Program outcomes reveal the benefits of EHR-integrated Remote Blood Pressure Monitoring for Postpartum Hypertension
Rimidi, a clinical management platform designed to optimize clinical workflows, enhance patient experiences and achieve quality objectives, and Boston Medical Center, a private, not-for-profit academic medical center in New England, released metrics from an ongoing remote patient monitoring program for new moms at high-risk of postpartum hypertension.
Postpartum hypertension is a leading cause of postpartum hospital readmissions and severe maternal morbidity, as it can lead to heart attacks and strokes. Monitoring blood pressure (BP) at the doctor’s office post-pregnancy can also be difficult, due to barriers in accessing care, something that is a greater challenge for BMC’s diverse, safety-net population. To address this challenge, Boston Medical Center leveraged the Rimidi platform to bring remotely-generated patient data from cellular-connected blood pressure cuffs into their clinical workflow. As part of Epic’s app orchard, Rimidi launches directly within the BMC team’s Epic experience.
“As a safety-net hospital, many of our patients are underinsured and have social determinants that impact their healthcare, and monitoring postpartum BP through in-person visits can be challenging due to barriers in care access,” said Christina Yarrington, M.D., director of labor and delivery and the division director for maternal fetal medicine at Boston Medical Center. “Leveraging Rimidi and the connected blood pressure cuffs, which run on local cellular networks, our program has been able to significantly increase the number of BP measurements taken in the six weeks following delivery, a crucial component to proactively preventing adverse outcomes like heart attack and stroke.”
The Rimidi platform enables configurable clinical decision support cards and alerts to flag when a patient is missing a reading or when readings are outside a certain threshold. For this program, Rimidi created several alerts in coordination with BMC to improve triage, patient/provider communication, and the clinical workflow: High BP, Low BP, Missed Reading, and New Message. Lastly, the BMC team receives a “Due for Discharge” alert when a patient has been monitored for six weeks to support workflow efficiencies. At that time, if the patient’s readings look good, the clinical team will collect their BP cuff to be sanitized and used for a new patient.
One way Rimidi and BMC have analyzed the program’s success is looking at how often the Clinical Decision Support cards are surfacing and how often clinicians are taking action on those cards. For example, over a six-month period, where a total of 505 unique patients were monitored for approximately six weeks each, there were:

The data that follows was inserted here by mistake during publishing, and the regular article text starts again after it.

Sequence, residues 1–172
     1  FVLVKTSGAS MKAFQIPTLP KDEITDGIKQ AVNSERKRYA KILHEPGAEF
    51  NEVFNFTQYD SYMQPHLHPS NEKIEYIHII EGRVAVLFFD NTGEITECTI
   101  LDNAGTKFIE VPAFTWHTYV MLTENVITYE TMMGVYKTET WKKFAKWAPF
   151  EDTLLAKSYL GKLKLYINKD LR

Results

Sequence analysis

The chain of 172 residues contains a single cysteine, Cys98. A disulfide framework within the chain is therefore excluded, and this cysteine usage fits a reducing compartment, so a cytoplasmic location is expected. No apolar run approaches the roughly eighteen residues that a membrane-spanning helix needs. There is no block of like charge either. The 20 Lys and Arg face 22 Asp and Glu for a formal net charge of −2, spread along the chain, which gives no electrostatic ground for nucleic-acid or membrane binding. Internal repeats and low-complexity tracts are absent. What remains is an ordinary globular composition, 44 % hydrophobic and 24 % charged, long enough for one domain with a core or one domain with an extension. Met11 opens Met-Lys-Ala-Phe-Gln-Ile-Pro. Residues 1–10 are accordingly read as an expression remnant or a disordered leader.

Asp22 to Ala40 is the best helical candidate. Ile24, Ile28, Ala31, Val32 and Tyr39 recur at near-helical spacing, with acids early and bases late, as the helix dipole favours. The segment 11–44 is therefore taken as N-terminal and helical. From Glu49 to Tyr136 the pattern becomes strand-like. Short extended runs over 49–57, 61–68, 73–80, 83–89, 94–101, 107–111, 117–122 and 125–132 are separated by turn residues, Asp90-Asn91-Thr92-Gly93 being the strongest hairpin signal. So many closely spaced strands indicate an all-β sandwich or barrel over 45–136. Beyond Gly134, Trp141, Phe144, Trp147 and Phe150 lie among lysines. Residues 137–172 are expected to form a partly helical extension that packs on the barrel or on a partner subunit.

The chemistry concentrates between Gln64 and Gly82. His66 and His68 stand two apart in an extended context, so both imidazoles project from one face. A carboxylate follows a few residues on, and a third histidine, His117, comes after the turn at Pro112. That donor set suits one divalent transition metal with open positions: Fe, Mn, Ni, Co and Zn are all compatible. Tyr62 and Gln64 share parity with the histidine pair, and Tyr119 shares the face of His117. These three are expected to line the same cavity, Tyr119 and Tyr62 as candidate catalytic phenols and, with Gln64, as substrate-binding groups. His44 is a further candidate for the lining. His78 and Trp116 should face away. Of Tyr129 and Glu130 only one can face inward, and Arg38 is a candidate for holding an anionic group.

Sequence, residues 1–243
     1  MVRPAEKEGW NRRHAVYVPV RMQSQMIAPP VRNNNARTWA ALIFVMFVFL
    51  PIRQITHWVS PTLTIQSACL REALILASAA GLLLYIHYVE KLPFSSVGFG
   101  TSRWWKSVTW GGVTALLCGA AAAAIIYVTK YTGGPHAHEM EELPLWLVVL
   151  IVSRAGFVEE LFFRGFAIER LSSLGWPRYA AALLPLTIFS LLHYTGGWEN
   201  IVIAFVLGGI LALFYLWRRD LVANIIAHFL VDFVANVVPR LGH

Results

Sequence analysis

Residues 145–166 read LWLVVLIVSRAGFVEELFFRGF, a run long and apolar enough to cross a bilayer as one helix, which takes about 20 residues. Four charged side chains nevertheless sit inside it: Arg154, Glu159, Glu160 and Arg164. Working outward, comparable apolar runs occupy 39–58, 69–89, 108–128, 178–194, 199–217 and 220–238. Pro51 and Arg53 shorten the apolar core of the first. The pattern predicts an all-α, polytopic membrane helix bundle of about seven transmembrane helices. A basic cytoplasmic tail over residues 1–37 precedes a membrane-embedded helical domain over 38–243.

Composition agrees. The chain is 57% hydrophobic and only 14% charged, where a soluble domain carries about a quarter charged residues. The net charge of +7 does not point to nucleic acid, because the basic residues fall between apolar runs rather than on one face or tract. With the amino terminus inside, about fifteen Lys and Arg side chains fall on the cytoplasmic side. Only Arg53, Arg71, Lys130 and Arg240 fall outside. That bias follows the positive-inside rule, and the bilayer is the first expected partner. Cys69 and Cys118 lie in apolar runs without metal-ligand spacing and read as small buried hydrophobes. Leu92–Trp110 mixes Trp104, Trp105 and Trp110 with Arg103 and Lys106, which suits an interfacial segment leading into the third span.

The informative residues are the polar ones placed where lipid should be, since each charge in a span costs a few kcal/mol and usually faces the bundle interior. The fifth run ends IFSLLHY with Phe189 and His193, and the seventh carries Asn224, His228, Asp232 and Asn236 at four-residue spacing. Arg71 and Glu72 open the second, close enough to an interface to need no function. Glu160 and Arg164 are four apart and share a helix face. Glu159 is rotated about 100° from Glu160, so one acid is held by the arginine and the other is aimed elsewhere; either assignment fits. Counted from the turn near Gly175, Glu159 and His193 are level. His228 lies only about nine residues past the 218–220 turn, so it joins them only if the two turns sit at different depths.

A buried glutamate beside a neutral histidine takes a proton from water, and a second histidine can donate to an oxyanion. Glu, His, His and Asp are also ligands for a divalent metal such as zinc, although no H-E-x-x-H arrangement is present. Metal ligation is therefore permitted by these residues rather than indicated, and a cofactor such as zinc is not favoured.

8,922 total blood pressure readings
913 high blood pressure alerts
174 low blood pressure alerts
700 messages sent from the care team to patients, usually when there was a missing or concerning BP reading.
93 messages sent by patients to the care team, showing an efficient means of engagement.
In addition, the BMC team recently published an abstract in the American Heart Association Journal, Circulation, in which they examined engagement and hypertension prevalence and severity in eligible patients who delivered between April 2020 and September 2021. Out of the 1,000 patients monitored during that time period, 98.7% submitted at least one blood pressure measurement, with an average of 17 unique measurements from enrolled patients during the six weeks after delivery — which has led to the early detection and management of stroke-risk blood pressure. With this, Boston Medical Center concluded that not only does remote monitoring improve ascertainment of their high-risk postpartum patient population, but they found similar patterns across different racial and ethnic groups, suggesting that RPM could improve disparities for this patient population.
Resulting from the initial success of Boston Medical Center’s postpartum hypertension program, the center is now expanding the program to include monitoring for gestational hypertension, using cellular blood pressure cuffs and gestational diabetes, using cellular glucometers and FreeStyle Libre Continuous Glucose Monitors. In addition, the hepatology department at BMC has adopted Rimidi’s Nonalcoholic Fatty Liver Disease view to support a grant-funded program focused on developing efficient and effective care pathways between multidisciplinary providers in the screening, identification, referral and treatment of high-risk Non-Alcoholic Steatohepatitis patients.
“Postpartum hypertension is a leading cause of hospital readmissions for postpartum patients, particularly for patients with social determinants that impact their healthcare. It’s our responsibility to ensure that we provide healthcare systems with the tools they need to improve care for all patients, regardless of socioeconomic status,” said Lucienne Ide, MD, PhD, Founder and CEO of Rimidi. “We’re proud of the results our RPM solution has had on reducing hospital readmission rates, and we look forward to continuing to work closely with the Boston Medical Center team to ensure the ongoing success of this project and all other programs long-term.”